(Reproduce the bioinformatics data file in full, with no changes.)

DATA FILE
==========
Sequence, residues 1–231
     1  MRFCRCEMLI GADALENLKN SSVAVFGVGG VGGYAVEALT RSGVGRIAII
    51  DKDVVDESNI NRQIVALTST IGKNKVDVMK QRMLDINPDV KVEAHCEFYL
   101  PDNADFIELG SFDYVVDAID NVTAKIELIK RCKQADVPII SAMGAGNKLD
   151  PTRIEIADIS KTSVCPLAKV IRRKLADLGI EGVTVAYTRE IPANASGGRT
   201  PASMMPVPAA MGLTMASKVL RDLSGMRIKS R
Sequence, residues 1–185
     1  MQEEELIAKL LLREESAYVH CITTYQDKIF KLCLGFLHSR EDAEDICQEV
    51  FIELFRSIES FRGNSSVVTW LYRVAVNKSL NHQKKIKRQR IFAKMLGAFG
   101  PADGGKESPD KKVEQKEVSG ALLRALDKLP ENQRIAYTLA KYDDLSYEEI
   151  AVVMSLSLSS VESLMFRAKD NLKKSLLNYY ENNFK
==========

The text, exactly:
Sequence, residues 1–231
     1  MRFCRCEMLI GADALENLKN SSVAVFGVGG VGGYAVEALT RSGVGRIAII
    51  DKDVVDESNI NRQIVALTST IGKNKVDVMK QRMLDINPDV KVEAHCEFYL
   101  PDNADFIELG SFDYVVDAID NVTAKIELIK RCKQADVPII SAMGAGNKLD
   151  PTRIEIADIS KTSVCPLAKV IRRKLADLGI EGVTVAYTRE IPANASGGRT
   201  PASMMPVPAA MGLTMASKVL RDLSGMRIKS R
Sequence, residues 1–185
     1  MQEEELIAKL LLREESAYVH CITTYQDKIF KLCLGFLHSR EDAEDICQEV
    51  FIELFRSIES FRGNSSVVTW LYRVAVNKSL NHQKKIKRQR IFAKMLGAFG
   101  PADGGKESPD KKVEQKEVSG ALLRALDKLP ENQRIAYTLA KYDDLSYEEI
   151  AVVMSLSLSS VESLMFRAKD NLKKSLLNYY ENNFK